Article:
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Safe Minimally Invasive Surgery
Mark Davis
Publish Date: October 10, 2007   |  Tags:   Patient Safety

Mark S. Davis, MD, FACOGOR workers have to mentally multitask when sharps are in use, focusing simultaneously on patient and worker safety. The human tendency is to devise a pecking order, and most often, patient safety comes first. Even if there is unexpected bleeding during a procedure, and speed becomes a factor, patient safety is still at the fore, right? This is by no means wrong - it's just that you must give worker safety nearly as much attention. The major shift from open to minimally invasive surgery (MIS) might mean fewer sharps devices in use, but that doesn't mean you can forget good safety practices when they are. It's easy to let your guard down because MIS prevents sharps injuries in many ways:

Mark S. Davis, MD, FACOG\

  • There is an overall decrease in the number of sharps on the sterile field.
  • There is less skin suturing.
  • The scalpel is used infrequently.
  • Cutting and other hazardous tasks occur mostly inside the patient, protecting the hands of the surgical team from injury.

Oddly, in MIS, the safety barrier protecting the people operating on the patient from a sharps injury becomes the patient's own tissues. There are still inherent risks associated with MIS.

Some things remain the same
The devices that cause the majority of sharps injuries during minimally invasive surgery are suture needles, scalpel blades and hollow syringe needles, just as with open surgery. While it is to a lesser degree, this equipment is still in the mix. Here are four things to keep in mind for dealing with these old hazards (even if you've already heard them, it's always good to hear them again):

  • Sharp suture needles used to close skin incisions will always be a hazard. For laparoscopic incisions, you can use tape or skin adhesives.
  • If you use small, sharp, curved cutting needles for skin closure, as favored by plastic surgeons, use the no-touch technique (forceps, not fingers) to handle needles.
  • Straight, sharp, hand-held needles are associated with frequent sharps injuries. Don't use them to close skin, whether in the OR or other hospital settings. Choose a safer alternative, such as staples, a skin adhesive or, if necessary, a sharp curved needle on a needle carrier.
  • Safety scalpels reduce the risk of injury in MIS.
  • Use a neutral zone (safe zone) for no-hands-passing of small sharps. This could be a dedicated Mayo stand (well-suited to orthopedic procedures), a mat, a towel, a tray or a designated area on the sterile field. Position it flat and level on the sterile field, within easy arm's reach of the surgeon. Pass all hollow syringe needles, as well as sharp trocars, sutures and scalpels, through this neutral zone, rather than passing them hand-to-hand, just as with open surgery.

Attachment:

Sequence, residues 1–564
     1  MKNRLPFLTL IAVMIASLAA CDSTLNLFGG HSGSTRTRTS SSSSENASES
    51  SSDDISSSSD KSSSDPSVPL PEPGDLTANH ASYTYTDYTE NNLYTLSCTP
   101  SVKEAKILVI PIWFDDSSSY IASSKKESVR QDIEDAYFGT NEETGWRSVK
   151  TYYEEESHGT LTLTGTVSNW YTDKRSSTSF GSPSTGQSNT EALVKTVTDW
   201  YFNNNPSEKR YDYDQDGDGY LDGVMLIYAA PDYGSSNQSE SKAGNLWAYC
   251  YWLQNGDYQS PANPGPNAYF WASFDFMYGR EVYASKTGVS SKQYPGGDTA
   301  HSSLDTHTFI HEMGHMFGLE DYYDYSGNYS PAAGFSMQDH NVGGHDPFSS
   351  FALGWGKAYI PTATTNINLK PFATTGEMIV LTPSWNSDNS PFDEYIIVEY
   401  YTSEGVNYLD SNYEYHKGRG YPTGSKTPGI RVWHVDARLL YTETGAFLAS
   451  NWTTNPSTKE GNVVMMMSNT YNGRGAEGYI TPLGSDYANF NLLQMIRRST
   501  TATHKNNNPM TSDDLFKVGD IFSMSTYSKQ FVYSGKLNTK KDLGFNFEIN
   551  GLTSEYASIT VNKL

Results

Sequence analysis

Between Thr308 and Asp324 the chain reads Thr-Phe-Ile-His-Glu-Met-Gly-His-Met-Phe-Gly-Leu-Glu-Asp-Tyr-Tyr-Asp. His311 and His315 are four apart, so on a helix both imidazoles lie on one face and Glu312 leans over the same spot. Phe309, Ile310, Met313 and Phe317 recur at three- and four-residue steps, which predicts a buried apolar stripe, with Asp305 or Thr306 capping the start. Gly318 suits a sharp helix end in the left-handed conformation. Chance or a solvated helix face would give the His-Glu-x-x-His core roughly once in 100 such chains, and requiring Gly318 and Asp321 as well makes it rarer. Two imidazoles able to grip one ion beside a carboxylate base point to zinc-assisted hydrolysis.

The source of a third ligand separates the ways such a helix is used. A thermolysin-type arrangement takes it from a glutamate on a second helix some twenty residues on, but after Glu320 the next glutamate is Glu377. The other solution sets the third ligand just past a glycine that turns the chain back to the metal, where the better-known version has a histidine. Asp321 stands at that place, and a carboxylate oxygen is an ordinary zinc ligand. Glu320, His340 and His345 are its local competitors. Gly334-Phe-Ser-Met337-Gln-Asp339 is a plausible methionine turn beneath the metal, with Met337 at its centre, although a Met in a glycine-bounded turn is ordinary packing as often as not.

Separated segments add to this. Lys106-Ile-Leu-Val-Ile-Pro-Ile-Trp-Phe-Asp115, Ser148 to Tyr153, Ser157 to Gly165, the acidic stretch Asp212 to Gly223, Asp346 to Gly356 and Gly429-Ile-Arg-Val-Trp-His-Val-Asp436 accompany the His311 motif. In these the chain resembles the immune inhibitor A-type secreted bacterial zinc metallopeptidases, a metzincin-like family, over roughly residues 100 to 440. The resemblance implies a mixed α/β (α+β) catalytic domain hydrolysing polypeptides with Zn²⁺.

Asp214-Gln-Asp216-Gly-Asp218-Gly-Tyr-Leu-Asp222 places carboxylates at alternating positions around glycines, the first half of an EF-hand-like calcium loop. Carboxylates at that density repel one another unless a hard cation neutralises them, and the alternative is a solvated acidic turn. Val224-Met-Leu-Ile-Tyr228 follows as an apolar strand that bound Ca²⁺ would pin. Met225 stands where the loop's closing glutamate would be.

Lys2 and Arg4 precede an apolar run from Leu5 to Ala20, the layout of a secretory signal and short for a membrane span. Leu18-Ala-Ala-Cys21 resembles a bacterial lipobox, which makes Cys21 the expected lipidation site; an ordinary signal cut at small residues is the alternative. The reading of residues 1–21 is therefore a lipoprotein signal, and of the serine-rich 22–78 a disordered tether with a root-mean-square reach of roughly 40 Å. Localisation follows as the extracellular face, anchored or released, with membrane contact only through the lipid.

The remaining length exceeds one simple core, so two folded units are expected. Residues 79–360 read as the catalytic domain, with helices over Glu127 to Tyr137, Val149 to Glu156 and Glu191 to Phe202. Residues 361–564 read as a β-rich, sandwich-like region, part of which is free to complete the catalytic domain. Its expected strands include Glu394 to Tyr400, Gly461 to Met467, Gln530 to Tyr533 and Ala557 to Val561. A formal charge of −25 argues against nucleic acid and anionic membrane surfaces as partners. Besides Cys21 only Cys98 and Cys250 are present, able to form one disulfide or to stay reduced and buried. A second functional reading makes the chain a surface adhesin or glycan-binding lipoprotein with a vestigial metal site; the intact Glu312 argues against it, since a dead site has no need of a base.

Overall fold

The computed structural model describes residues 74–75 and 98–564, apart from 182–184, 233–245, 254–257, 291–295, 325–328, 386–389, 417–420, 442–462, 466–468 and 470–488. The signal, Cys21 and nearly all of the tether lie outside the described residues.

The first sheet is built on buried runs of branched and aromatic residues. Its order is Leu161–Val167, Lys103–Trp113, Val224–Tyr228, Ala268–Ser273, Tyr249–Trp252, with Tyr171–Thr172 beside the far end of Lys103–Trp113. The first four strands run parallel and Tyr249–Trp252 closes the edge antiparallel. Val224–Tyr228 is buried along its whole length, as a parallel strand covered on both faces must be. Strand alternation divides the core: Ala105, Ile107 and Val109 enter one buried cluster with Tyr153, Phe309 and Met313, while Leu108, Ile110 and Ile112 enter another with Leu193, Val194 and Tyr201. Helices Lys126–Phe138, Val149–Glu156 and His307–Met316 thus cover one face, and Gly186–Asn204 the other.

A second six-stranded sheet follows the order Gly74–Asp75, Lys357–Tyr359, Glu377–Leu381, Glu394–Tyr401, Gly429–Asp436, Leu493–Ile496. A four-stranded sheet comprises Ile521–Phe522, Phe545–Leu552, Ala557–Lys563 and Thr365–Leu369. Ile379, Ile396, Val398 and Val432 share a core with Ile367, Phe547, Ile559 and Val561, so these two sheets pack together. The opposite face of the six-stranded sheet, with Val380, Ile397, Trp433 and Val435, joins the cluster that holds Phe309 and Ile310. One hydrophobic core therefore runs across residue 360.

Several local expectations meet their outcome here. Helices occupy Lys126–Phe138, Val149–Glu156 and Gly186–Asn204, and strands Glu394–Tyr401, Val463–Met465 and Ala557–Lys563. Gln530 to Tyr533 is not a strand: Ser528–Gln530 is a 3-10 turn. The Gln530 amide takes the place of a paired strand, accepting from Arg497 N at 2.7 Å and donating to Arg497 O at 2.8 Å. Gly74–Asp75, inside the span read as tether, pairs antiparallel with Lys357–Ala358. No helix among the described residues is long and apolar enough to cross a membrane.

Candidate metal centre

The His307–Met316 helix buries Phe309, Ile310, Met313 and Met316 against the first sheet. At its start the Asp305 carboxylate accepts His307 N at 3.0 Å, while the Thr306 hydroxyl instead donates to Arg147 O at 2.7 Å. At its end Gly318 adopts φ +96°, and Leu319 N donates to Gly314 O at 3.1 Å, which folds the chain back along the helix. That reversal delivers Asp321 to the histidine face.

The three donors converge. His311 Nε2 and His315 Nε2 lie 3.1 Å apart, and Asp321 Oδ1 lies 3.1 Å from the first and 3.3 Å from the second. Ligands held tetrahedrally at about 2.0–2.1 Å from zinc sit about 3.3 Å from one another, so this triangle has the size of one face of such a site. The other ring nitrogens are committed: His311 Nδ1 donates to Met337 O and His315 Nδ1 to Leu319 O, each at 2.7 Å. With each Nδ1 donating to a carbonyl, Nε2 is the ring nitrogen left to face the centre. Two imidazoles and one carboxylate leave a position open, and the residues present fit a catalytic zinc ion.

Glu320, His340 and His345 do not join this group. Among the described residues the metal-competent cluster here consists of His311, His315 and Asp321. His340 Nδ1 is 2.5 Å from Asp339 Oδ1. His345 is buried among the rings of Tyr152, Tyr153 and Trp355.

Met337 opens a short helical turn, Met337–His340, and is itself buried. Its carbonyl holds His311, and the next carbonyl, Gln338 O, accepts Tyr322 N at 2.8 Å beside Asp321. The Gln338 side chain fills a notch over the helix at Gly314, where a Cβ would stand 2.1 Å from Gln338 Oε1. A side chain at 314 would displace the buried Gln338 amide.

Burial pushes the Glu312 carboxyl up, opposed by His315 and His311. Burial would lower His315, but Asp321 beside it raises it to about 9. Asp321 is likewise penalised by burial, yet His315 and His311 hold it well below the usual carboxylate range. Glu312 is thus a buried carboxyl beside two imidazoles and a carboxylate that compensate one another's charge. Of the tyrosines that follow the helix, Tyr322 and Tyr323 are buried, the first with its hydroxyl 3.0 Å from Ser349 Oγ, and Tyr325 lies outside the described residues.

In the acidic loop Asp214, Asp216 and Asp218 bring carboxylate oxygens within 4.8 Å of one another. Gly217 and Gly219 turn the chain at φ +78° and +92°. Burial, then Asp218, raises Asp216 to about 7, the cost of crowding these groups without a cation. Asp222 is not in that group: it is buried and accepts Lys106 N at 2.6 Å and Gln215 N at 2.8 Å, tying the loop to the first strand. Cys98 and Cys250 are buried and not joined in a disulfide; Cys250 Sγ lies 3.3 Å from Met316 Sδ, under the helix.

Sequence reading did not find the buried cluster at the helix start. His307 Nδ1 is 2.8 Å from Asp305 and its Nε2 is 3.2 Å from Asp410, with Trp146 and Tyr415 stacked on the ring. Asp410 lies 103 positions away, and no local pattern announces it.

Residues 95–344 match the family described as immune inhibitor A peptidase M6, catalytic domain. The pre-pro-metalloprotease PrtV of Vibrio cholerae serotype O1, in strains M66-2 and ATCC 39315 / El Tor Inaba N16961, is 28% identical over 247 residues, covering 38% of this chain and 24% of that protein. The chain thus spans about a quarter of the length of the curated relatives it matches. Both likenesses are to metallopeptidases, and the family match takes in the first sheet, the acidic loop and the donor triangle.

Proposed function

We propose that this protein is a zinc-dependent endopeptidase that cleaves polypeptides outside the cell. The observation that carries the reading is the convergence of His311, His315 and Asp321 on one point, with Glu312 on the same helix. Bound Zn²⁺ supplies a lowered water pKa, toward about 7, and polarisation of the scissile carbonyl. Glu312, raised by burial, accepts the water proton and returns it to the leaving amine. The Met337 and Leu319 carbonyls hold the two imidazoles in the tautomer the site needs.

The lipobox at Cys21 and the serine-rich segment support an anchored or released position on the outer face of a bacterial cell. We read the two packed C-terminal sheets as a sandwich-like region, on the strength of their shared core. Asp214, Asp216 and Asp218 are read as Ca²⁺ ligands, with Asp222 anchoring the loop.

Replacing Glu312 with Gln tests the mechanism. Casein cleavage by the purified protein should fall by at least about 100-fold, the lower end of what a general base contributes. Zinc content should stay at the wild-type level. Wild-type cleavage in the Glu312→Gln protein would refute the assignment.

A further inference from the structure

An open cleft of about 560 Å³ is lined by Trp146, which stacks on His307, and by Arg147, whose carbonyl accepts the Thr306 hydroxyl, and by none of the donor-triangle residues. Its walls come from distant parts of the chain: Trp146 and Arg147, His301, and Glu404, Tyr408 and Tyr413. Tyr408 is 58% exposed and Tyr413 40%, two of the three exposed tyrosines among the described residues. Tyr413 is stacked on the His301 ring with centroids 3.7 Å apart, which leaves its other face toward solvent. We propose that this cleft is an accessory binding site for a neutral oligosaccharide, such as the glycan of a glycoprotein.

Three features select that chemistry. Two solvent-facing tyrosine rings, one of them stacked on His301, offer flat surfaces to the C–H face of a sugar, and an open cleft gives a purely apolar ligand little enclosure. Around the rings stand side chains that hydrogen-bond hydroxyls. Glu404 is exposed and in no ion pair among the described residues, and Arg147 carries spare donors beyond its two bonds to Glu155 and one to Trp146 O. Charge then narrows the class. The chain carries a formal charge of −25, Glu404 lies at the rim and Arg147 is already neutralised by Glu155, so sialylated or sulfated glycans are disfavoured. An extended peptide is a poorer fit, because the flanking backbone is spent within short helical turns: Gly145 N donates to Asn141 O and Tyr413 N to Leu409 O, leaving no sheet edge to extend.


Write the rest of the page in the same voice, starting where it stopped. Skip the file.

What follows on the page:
• Keep hands away from the neutral zone. To prevent injury to a worker from a sharp's being returned by the surgeon, it's very important that the scrub person or assistant not hold or keep his hands in, on or near the tray or other device designated the neutral zone.

New hazards introduced
Some of the instruments needed to perform minimally invasive procedures can pose a safety risk.

Sharp trocars can injure OR professionals, as can laparoscopic scissors, long needles, wires and probes. Blood aerosols created by the use of laser and electrocautery within the abdomen or other space can cause a bloodborne exposure to your mucous membranes due to spray when an instrument is withdrawn from a port, if the port lacks a tight seal. Lasers and electrocautery produce the same types of airborne contamination. And we all know the dangers of surgical smoke. Here's how to deal with the new hazards.

  • Pass long laparoscopic or other instruments that don't fit in a neutral zone, such as needle-tip electrocautery or sharp-pointed scissors, to the surgeon handle-first with the tip pointing down.
  • When placing long, pointed electrocautery needles, hollow-bore needles or other long sharps into port sleeves, use two hands - preferably one person's hands - and then angle the handle toward the surgeon's waiting hand.
  • Wherever possible, use blunt expanding trocars rather than sharp ones.
  • If intra-abdominal suturing is required through the scope, use blunt-tipped suture needles as you would with open surgery.
  • Avoid sprayback; use trocar sleeves with valves to protect the surgical team from exposures to the mucous membranes.
  • Wear full and appropriate personal protective equipment as with open surgery. If you need to convert a minimally invasive procedure to an open procedure as an emergency, you won't have time to correct deficiencies in PPE or protective apparel.
  • Aspirate all gas, fluid and blood from the abdomen before closure.
  • Periodically or continuously suction electrocautery smoke and laser plume.

Benefits of safe behavior
OSHA has fined facilities for failure to use a neutral zone, safety scalpels and blunt suture needles - and all these can be used in MIS. Use of the safety devices and safe work practices described here facilitates compliance with OSHA standards. Additionally, preventing sharps injuries and exposures saves facilities money and reduces liability for facilities and surgeons.